Chicago was my mother’s town, and she knew the inner mysteries of the grand Marshall Field’s department store on State Street as well as she knew her own closet. When she took my sister Ann and me shopping, we each grabbed a handful of the flared back of her gray winter coat and followed her through the store, clinging like burrs on a sweater. We trusted her guidance as we wove through the crowds. Ann and I would have been lost if we had ever let go of that coat.
When I left home to attend university, I had begun to doubt my mother as an unerring guide through life. Some of the values she imparted I cling to as tightly as I clung to her woolen coat as a child: take care of your family, nurture friendships, keep an orderly home, trust in God, go to church, help others. Those are enduring values for me. On the other hand, I have let go of some other things my mother taught me.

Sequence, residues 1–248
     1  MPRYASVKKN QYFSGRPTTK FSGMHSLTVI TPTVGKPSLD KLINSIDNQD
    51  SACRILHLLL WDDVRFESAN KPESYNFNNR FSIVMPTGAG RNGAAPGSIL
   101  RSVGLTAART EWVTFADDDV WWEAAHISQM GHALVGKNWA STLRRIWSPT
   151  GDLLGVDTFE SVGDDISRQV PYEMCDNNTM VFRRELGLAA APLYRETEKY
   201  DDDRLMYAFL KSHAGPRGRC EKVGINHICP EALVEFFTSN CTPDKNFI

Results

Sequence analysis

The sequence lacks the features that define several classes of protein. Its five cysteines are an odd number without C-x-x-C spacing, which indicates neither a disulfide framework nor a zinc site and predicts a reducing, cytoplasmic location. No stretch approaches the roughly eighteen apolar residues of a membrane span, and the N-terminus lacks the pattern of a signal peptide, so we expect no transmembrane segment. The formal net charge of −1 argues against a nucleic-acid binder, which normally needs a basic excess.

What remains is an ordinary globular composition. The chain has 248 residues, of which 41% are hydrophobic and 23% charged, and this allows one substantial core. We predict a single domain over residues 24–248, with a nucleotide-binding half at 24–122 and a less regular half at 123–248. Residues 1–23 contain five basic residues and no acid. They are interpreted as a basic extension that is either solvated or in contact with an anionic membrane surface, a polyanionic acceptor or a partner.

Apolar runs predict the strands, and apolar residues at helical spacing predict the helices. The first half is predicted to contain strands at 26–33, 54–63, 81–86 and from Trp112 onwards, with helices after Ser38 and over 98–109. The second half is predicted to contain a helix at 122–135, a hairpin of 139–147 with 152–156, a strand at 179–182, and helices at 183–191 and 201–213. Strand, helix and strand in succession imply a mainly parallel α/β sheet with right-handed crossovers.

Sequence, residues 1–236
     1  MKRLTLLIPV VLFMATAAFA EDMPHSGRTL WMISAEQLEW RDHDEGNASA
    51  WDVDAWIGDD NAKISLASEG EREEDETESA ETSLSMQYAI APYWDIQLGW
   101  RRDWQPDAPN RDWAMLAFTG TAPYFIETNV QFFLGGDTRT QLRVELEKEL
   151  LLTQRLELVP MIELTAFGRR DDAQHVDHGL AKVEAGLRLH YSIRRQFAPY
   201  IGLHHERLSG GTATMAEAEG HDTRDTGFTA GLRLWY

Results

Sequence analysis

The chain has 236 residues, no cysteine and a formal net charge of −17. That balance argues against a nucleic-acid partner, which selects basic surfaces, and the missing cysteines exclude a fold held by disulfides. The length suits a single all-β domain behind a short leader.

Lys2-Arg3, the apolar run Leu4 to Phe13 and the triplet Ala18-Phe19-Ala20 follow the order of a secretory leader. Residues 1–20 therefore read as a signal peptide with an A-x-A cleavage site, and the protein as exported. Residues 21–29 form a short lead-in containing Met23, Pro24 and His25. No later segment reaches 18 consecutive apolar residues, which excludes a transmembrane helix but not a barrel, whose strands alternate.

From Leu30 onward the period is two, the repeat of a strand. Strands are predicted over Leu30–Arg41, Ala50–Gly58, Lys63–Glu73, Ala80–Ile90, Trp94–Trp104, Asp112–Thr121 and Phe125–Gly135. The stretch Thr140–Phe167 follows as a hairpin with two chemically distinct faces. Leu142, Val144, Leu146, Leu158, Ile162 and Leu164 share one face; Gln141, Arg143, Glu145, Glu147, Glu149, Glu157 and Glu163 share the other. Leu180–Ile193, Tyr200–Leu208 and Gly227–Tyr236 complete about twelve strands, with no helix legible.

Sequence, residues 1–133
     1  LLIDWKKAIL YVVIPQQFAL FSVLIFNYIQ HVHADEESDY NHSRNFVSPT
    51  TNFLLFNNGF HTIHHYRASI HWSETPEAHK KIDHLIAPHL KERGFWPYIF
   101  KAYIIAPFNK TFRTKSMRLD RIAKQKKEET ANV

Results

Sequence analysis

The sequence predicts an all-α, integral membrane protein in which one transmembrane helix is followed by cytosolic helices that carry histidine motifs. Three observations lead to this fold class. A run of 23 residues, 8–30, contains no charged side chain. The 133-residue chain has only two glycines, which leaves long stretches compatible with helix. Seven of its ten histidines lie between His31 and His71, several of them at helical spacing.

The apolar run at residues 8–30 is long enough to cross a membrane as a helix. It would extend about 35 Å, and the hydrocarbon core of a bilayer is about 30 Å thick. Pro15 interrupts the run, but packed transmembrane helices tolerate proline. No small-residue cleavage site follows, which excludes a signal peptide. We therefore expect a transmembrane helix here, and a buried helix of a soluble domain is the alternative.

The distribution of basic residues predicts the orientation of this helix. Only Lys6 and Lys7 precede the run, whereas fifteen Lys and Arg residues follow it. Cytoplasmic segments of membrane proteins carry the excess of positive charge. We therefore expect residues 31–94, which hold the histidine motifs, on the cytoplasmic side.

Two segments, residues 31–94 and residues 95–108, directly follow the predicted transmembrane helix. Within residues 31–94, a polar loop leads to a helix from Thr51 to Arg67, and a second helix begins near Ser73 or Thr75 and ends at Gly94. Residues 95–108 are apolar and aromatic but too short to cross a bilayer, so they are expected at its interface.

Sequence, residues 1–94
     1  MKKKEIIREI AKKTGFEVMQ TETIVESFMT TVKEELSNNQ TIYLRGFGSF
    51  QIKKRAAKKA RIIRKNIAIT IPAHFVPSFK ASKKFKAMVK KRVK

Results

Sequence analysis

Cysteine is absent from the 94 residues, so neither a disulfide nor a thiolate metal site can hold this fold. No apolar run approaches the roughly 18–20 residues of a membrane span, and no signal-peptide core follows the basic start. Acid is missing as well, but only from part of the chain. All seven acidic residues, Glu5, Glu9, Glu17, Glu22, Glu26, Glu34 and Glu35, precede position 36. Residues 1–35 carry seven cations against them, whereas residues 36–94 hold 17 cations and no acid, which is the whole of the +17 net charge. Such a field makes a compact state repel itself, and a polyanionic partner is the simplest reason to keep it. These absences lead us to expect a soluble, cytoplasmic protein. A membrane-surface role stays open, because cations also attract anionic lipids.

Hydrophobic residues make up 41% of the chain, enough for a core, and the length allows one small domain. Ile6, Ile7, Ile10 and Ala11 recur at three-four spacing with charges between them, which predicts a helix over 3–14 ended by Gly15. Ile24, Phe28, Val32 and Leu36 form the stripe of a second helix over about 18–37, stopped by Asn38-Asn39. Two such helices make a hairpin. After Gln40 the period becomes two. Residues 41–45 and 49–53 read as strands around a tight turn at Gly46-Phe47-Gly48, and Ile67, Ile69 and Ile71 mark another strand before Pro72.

I have had to live my own process of moral deliberation and discernment—not accept without question everything handed down to me, but respect what I was given and then decide for myself.
This message was adapted from “Still: Journeying Together Faithfully” written by Mary Mortimore Dossin that first appeared in the January/February 2006 issue of Lutheran Woman Today (now Gather) magazine.